9/1/2008 | 4 MINUTE READ

Competitive Challenges: It's What's Up Front That Counts

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It's hard to believe that we're already in the third quarter of 2008.


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It's hard to believe that we're already in the third quarter of 2008. While many of us wish we could backpedal to avoid the struggles of this long year in the auto industry, we're also looking forward to 2009 planning and determining what can be done differently. With forecasters predicting increased losses and challenges in the coming year, automotive companies are scrambling to shift their focus. Factories that once produced trucks are being converted to support fuel-efficient vehicles, and unlike the New Domestics, the Detroit Three continue to struggle with flexibility and the cost of achieving this transition.

Take, for example, Honda and Toyota. Both operate with an extreme amount of flexibility in their manufacturing processes, allowing the daily system to seamlessly convert from one vehicle or platform to another. The focus of this flexibility appears to occur primarily in the body shop, but it also relates to product engineering and the idea of commonization. By designing comparable processes for all models, both automakers can easily shift between vehicles when needed.

Commonization is the driving force behind Toyota's Mississippi facility, opening in 2010. It was originally planned to produce the Highlander CUV, but due to the shifts in market demand, it will now produce the Prius hybrid. The automaker's processes are similar regardless of the vehicle. And because all vehicles are engineered with commonality in mind, consumer demand can mandate which vehicle is built when-without throwing a wrench into anyone's plan. In this instance, truck capacity in Texas is simply consolidated, and the Highlander will be built alongside minivans and full-size SUVs in Princeton, IN, a feat that would take domestic OEMs 18-24 months to accomplish.

I wonder, as Ford makes plans to bring the Fiesta from Europe to be built in the Cuautitlan, Mexico facility, whether their fuel-efficient car will arrive too late. The idea is smart; the timing is not. The vehicle is already designed, engineered and being built in Europe, yet it won't hit U.S. showrooms until 2010 as a 2011 model year vehicle. Considering the velocity of change in the first half of 2008, who knows what 2010 might look like? Not to mention that Ford's timing is similar for other facility conversions, as well as new products announced for Michigan Truck and Louisville for Ford.

What is the reasoning behind the domestic delays? It is in part, quite frankly, the old legacy culture within engineering that has placed the focus on unique parts and vehicles for years. Although evolving, this culture is a long way from gaining the economies of scale that come with common design, engineering and processing. The bottom line is a point analysts have been making for years: The Japanese are investing more heavily up front to ensure quality and integrity, thus driving huge savings downstream for the automaker and its suppliers. They are reaping the benefits of long-term savings and at the same time, allowing more money to be poured back into vehicle features that continually lure consumers.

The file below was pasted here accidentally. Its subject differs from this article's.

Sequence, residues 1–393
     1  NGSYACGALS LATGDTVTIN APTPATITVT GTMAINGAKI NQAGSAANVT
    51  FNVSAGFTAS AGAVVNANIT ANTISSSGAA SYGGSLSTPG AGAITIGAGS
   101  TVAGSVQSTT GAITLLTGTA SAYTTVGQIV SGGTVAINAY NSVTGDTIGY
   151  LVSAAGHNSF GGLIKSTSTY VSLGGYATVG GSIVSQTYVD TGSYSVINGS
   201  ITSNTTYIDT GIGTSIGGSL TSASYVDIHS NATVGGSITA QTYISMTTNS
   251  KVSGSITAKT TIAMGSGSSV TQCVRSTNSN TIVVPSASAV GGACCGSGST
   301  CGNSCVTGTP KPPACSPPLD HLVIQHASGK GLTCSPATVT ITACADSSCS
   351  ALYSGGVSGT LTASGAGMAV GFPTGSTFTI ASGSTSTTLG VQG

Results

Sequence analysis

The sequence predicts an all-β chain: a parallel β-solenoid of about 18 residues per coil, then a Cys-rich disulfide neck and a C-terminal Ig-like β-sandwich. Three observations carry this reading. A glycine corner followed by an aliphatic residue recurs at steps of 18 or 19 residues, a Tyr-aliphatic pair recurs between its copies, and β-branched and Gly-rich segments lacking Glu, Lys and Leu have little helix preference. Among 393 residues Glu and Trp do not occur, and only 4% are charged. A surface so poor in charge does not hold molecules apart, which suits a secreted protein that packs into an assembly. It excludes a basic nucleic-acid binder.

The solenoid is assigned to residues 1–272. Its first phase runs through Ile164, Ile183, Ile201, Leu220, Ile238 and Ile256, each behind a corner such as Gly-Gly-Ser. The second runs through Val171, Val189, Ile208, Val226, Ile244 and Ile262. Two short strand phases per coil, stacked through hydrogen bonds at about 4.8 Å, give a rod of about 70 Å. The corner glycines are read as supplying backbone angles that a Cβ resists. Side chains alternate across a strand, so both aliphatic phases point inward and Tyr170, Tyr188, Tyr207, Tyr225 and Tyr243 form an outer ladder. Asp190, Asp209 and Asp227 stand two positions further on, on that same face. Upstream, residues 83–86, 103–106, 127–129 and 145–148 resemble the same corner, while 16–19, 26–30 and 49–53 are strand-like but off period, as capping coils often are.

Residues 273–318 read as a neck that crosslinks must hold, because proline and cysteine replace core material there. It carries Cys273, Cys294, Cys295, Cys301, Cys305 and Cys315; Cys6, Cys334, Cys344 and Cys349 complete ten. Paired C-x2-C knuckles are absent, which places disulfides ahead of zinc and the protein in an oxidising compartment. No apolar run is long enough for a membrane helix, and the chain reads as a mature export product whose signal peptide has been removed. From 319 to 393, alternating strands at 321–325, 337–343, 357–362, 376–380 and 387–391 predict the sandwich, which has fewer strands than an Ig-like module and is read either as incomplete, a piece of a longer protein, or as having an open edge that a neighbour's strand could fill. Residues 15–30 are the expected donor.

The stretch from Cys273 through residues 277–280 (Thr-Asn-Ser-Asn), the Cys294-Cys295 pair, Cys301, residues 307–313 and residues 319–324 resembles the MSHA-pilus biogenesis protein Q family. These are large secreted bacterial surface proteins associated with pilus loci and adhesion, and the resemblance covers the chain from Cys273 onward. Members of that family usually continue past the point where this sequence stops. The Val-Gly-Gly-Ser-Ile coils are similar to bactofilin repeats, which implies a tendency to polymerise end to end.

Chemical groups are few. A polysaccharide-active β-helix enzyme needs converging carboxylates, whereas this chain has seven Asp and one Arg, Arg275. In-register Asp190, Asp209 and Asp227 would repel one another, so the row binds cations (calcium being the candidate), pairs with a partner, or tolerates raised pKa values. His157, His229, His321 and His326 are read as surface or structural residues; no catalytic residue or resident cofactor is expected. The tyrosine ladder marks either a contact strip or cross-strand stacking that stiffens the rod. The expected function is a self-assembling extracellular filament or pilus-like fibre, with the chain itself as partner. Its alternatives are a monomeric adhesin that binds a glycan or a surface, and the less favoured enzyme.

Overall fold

One example lays in research Harbour-Felax Group is collecting in anticipation of a new tooling study to be released this October. Having analyzed more than 18 different seat recliner side shield brackets and covers for the six major OEMs (Chrysler, Ford, GM, Honda, Nissan, and Toyota), we came upon several interesting revelations. While all parts are very similar in design, size and function-with brackets made from heavy gauge steel, created in progressive die presses, and covers made of molded plastic-only one manufacturer spends approximately 75% of their average assembly cost over 18 assemblies. That manufacturer is Toyota, with a total assembly cost of $443,000.00. Even more interesting, Toyota dedicates more initial time to design, ensuring robust products that use strong, high integrity materials to guarantee buildability and quality. Subsequently, this drives down build time and most certainly, tryout time.

Average of more than 18 assemblies9.3%25.2%52.9%7.1%5.5%100%

By viewing other public studies, we know that Toyota's quality, reliability and efficiency are some of the best in the industry-another positive effect of the upfront work. As if that's not enough, most metal components also are common across vehicle lines, unlike domestic OEMs that typically rely on unique materials across all models, multiplying the cost exponentially.

It should be noted: Every domestic manufacturer in our analysis is spending more than Toyota for their total assembly, with most of their cost involved in build and tryout, skimping on design and material. Oftentimes not discussed but equally important are the immense launch costs, warranty costs, and labor productivity impact involved after the product is in consumer's hands. So what does this information add up to? The fact that there are many poor practices, such as the one described here, leading domestic OEMs down a dangerous path. Until these companies reevaluate their entire system, they will always walk in the shadow of the best in class, coming in as a far second with consumers, Wall Street and the financial records.